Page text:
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And it is appointed unto man once to die, and after this the judgment. Hebrews 9:27


This one thing I do, forgetting those things which are behind, and reaching forth to those
things which are before, I press on toward the mark for the prize of the high calling of God in Christ Jesus.
Philippians 3:13b-14

The feisty and often combative mayor of New York City, Rudy Giuliani, who was poised for great political election battles with Hillary Clinton for a New York state Senate seat, has now withdrawn in the face of the discovery he has prostate cancer. In remarking on the effect of his health crisis, and giving up the political contest of his life, he observed: “I will focus more on the important things in life.” He went on: “Politics is not as important in my life as I once thought it was,” and said he hoped the whole experience would make him “a better person.”

Giuliani is, of course, not the first person to suggest that the threat of imminent death—that the doctor’s warnings—can bring a new and sharper focus on what’s important in life. It can dramatically and instantly change priorities when we are forced to face our mortality. In one respect that is natural. We live too often in an illusion we are in control of our lives, and we set our own agendas. We postpone the important in favor of the urgent. Our busy lawyer lives encourage us perhaps to be seduced by these illusions of self-determination. We set our own schedules, we own our Day-Timers, and mark off the hours like we owned them as well. With briefs due, court dates, and depositions, those family and spiritual priorities will have to wait until “Mañana.” We sing in church about “seeking first the Kingdom of God,” but our schedules and wallets hum a different tune.

So our bodily frailty arrests our attention and shatters the illusions. That’s inevitable.

Now, however, as natural and even appropriate as this reassessment based on the threat of death may be, I am struck that this is not an especially biblical perspective. Pending death is not the chief biblical trigger of prioritized lives. It does not appear that the threat of death is a primary motivator for discipleship, faithfulness and focused living.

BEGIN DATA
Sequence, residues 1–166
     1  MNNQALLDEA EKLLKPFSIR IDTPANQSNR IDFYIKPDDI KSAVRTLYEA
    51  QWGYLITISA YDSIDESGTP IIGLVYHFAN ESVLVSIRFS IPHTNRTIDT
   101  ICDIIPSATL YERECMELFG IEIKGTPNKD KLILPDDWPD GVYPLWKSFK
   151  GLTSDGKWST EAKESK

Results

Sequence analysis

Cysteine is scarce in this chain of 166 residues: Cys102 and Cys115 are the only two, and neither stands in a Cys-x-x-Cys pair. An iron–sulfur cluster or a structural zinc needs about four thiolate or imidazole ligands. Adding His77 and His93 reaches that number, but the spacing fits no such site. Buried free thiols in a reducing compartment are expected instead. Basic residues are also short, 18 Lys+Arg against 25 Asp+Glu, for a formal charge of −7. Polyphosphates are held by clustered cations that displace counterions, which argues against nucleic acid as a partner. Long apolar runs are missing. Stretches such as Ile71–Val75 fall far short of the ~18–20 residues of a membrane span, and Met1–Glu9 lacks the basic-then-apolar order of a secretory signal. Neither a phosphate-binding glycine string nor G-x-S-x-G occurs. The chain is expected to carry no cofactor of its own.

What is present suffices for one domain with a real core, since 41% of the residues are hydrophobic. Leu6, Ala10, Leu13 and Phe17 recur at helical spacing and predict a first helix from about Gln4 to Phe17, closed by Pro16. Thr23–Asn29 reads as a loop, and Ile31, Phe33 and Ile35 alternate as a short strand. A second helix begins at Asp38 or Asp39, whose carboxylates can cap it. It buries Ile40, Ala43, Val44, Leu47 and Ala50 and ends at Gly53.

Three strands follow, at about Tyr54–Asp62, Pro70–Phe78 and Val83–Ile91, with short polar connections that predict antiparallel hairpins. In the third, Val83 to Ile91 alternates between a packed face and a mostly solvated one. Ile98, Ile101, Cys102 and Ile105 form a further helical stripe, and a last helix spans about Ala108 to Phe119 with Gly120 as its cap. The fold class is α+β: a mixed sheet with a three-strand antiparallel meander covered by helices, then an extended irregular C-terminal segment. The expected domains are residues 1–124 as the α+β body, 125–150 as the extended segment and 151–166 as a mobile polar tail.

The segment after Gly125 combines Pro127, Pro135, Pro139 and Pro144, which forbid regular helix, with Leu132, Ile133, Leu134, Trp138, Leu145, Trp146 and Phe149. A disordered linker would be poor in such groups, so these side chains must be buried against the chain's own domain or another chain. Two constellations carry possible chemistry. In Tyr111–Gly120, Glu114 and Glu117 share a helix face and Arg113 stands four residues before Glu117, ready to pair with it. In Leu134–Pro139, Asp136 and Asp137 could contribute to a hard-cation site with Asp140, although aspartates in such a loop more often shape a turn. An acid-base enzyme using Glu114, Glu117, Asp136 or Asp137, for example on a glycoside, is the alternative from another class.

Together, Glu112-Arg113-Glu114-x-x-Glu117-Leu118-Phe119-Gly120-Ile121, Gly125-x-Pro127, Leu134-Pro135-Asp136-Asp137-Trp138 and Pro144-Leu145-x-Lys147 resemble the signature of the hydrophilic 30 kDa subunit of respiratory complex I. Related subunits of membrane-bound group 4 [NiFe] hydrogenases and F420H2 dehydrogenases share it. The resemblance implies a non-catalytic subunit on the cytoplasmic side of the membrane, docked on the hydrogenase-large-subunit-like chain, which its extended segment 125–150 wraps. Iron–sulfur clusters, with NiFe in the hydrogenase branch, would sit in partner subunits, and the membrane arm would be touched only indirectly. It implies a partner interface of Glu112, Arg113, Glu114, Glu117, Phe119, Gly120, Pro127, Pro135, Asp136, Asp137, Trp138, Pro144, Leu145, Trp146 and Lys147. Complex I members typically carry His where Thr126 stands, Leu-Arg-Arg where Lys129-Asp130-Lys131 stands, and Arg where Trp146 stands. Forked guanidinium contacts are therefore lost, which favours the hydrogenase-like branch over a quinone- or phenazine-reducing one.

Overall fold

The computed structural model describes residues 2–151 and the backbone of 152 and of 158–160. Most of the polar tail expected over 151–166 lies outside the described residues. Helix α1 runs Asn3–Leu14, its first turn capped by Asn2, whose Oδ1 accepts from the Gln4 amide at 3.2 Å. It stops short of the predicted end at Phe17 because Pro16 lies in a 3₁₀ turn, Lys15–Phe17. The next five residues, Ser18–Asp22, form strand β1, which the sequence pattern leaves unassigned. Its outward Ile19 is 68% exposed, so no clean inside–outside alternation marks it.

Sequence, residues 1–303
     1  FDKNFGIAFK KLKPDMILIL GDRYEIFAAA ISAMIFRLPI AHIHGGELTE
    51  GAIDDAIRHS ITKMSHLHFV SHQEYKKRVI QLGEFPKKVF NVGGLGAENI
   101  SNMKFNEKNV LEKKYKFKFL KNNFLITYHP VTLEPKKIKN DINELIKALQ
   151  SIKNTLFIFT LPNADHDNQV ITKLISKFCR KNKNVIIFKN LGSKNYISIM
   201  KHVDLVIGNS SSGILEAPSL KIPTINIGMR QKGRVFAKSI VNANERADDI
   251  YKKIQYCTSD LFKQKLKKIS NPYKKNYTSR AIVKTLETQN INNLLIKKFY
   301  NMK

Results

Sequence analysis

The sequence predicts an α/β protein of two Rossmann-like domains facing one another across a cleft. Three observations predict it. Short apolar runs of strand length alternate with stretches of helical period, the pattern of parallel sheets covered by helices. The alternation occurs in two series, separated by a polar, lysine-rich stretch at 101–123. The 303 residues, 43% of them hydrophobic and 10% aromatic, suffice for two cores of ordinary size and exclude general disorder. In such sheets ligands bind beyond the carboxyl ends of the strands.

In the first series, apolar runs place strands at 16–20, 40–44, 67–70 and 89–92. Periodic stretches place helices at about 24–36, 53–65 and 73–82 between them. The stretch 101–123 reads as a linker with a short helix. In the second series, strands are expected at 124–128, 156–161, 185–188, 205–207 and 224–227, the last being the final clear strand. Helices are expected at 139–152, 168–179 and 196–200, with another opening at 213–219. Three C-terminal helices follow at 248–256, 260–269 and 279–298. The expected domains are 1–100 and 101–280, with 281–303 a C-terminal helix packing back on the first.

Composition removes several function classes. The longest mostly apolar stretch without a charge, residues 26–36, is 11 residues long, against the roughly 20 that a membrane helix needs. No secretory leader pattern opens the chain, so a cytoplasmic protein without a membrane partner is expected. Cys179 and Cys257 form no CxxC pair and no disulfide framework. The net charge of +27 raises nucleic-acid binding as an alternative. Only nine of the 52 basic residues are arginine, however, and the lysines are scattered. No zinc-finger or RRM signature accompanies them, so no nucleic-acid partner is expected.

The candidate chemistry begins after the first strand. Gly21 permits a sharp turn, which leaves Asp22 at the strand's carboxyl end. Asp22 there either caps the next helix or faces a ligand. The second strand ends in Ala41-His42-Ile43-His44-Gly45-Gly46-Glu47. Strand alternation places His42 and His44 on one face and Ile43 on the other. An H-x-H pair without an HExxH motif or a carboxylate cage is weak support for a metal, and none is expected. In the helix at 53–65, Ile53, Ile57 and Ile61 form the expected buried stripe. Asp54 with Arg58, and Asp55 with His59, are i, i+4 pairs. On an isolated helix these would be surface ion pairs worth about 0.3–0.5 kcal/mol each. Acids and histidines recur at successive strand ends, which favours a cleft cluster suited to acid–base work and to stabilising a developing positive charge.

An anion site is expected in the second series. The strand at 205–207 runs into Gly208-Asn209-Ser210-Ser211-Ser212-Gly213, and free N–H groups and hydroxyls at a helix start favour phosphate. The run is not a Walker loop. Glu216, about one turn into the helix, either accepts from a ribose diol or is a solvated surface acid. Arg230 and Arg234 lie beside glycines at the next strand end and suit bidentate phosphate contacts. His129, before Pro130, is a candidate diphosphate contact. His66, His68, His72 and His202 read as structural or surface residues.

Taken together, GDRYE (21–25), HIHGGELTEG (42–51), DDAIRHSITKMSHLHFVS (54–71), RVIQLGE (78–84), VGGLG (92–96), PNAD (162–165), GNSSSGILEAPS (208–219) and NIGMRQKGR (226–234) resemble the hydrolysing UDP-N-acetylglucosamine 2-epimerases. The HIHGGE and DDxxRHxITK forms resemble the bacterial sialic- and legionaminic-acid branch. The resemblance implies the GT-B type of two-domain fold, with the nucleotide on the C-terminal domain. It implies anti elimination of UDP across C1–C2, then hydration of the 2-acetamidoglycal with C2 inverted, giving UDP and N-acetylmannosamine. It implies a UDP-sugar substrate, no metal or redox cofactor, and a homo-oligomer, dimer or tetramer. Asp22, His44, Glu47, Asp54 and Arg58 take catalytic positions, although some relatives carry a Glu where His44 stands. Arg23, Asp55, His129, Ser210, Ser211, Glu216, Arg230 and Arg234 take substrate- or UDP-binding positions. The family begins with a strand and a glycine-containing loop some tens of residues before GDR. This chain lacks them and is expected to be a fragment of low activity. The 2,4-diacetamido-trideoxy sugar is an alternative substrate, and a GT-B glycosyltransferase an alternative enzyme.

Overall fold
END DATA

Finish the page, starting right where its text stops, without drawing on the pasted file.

The Apostle Paul never seems to be laboring under the impetus of mortality. In fact, it is the OPPOSITE. It is not MORTALITY that drives him, but IMMORTALITY—the recognition of the gift of eternal life that energizes and focuses his life. It is the wonder and glory of the grace of God which has claimed Him, that causes him to “press on toward the prize”—not the “Grim Reaper,” but the “Glorious Hope” which hovers over his life.

I wonder if instead of wondering how life would be different if the doctor told us we have six months to live, instead we really heard the Lord tell us—“You will now live forever—you have the gift of life eternal. You are a new being by My grace.” That is what I believe Paul sensed. He had already moved from “death to life” and now in wonder and praise would focus his life on that reality. Now, as the hymn declares, “the things of earth will grow strangely dim in the light of His glory and grace.”

It is not our mortality which ought primarily to reorder our lives—like some Damoclean sword. Rather it is the “lively hope” (1 Peter 1:3) which ought to reorder our schedules, spending and passions. You see, it is not how little time we have left that is the issue—it is all the life we have been given! It is not the doctor’s warning words, but the Savior’s promise. “O death where is thy sting? O grave, where is thy victory?” (1 Corinthians 15:55).

“He that fears death, lives not.”—George Herbert

Lynn R. Buzzard

– This article comes from AI’s “No Higher Calling,” a devotional for lawyers.